Causes and risk factors of Hodgkin lymphoma

In many cases, experts don’t know exactly what causes lymphoma. However, some things may increase the risk of developing it.

It is important to remember that having these risk factors does not mean you will get lymphoma. Many people affected by lymphoma do not have any risk factors.


Hodgkin lymphoma is more common in people who are 20 to 34 years old or over 70 years old.


Hodgkin lymphoma is slightly more common in men than women.


The Epstein Barr virus (EBV) is sometimes linked to Hodgkin lymphoma. EBV is the virus that causes glandular fever. It is very common in the UK and doesn’t usually cause serious illness. It is very rare to develop lymphoma because of an EBV infection.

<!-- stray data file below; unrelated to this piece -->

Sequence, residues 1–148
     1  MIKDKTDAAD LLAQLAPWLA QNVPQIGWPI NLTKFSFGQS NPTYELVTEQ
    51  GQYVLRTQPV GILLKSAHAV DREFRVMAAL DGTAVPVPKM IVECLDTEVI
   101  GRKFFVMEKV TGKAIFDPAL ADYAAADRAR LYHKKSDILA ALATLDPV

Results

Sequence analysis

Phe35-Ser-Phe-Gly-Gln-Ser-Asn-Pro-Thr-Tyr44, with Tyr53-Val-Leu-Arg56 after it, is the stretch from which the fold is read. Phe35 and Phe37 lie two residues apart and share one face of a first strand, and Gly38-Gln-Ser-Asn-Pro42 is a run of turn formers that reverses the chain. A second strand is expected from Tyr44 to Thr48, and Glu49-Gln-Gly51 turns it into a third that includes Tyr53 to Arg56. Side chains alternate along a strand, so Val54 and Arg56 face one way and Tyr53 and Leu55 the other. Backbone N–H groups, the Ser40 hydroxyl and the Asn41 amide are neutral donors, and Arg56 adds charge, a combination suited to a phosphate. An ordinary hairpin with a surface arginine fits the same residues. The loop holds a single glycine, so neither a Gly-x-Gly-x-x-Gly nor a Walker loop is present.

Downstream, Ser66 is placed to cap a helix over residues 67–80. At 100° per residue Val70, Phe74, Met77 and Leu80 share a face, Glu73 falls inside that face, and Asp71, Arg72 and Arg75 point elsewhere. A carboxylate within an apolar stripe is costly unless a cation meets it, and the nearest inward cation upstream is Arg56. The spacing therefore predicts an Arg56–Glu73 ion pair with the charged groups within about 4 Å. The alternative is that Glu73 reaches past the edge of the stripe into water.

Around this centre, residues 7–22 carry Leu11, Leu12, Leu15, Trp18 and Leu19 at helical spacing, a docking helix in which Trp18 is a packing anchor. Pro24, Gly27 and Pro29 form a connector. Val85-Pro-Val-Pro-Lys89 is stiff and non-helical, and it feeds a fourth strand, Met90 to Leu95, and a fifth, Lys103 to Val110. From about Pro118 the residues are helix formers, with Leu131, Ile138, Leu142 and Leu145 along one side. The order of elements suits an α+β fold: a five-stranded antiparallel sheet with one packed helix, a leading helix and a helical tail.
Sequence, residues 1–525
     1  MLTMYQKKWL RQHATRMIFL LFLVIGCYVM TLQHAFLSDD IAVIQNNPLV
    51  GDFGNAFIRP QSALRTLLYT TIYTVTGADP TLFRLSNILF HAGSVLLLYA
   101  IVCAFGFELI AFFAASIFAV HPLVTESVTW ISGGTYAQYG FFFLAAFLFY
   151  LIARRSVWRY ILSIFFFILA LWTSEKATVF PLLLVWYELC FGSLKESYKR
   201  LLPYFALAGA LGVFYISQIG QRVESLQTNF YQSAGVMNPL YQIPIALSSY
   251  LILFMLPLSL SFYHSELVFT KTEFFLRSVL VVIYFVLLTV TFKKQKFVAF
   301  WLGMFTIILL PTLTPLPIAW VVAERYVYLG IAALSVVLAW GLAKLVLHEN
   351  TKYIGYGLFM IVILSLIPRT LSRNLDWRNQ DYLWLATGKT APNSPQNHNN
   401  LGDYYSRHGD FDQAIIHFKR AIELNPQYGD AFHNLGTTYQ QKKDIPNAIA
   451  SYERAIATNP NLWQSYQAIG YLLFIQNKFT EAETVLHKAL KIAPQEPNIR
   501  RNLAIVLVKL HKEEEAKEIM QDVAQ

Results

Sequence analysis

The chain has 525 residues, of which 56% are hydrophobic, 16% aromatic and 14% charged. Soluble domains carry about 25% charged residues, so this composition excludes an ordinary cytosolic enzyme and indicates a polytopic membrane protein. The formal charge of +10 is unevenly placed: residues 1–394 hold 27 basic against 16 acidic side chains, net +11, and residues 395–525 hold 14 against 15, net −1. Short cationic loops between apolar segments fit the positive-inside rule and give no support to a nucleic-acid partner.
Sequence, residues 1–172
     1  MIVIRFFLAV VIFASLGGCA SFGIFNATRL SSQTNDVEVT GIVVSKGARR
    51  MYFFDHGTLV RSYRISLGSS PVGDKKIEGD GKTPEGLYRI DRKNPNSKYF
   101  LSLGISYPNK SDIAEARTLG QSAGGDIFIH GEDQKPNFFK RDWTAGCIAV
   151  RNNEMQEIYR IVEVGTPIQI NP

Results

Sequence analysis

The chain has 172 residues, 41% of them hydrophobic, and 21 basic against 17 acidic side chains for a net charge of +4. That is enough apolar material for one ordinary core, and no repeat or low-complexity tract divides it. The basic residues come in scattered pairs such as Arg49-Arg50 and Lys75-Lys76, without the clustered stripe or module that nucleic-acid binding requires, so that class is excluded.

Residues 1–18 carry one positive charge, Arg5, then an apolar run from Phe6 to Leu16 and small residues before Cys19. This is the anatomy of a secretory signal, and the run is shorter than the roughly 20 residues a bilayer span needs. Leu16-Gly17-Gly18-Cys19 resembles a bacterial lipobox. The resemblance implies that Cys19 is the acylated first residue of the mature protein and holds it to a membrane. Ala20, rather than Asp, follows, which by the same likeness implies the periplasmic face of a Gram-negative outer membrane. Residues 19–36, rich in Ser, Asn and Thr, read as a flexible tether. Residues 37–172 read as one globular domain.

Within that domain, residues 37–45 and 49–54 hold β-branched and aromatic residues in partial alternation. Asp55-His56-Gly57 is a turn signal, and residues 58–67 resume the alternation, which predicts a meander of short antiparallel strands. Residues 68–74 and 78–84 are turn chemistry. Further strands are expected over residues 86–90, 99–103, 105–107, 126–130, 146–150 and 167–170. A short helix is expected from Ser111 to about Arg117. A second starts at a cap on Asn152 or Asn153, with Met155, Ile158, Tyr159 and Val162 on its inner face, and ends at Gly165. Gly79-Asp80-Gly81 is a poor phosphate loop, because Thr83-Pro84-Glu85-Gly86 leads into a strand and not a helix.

Lymphoma is not infectious and cannot be passed on to other people.

A weakened immune system

If the body’s immune system is weak, the risk of developing lymphoma may be higher.

Conditions such as HIV can weaken the immune system. Drugs called immunosuppressants also cause this. Some people need this type of drug after an organ transplant or to treat autoimmune disease.

Previous non-Hodgkin lymphoma

People who have had non-Hodgkin lymphoma (NHL) have a higher risk of developing Hodgkin lymphoma in the future. You can speak to your doctor about this.

Having a close relative with lymphoma

People who have a parent, brother or sister with lymphoma have a slightly higher risk of developing Hodgkin lymphoma. We don’t know why this is yet. It may be because there is a genetic change that runs in families. Or it may be because people in a family tend to have the same lifestyle and live in similar environments.

This risk is small. Most people who have a close relative with lymphoma will not develop lymphoma.

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Back to Diagnosing

How lymphoma is diagnosed

Usually you begin by seeing your GP, who will refer you to hospital to see a specialist for a biopsy and tests.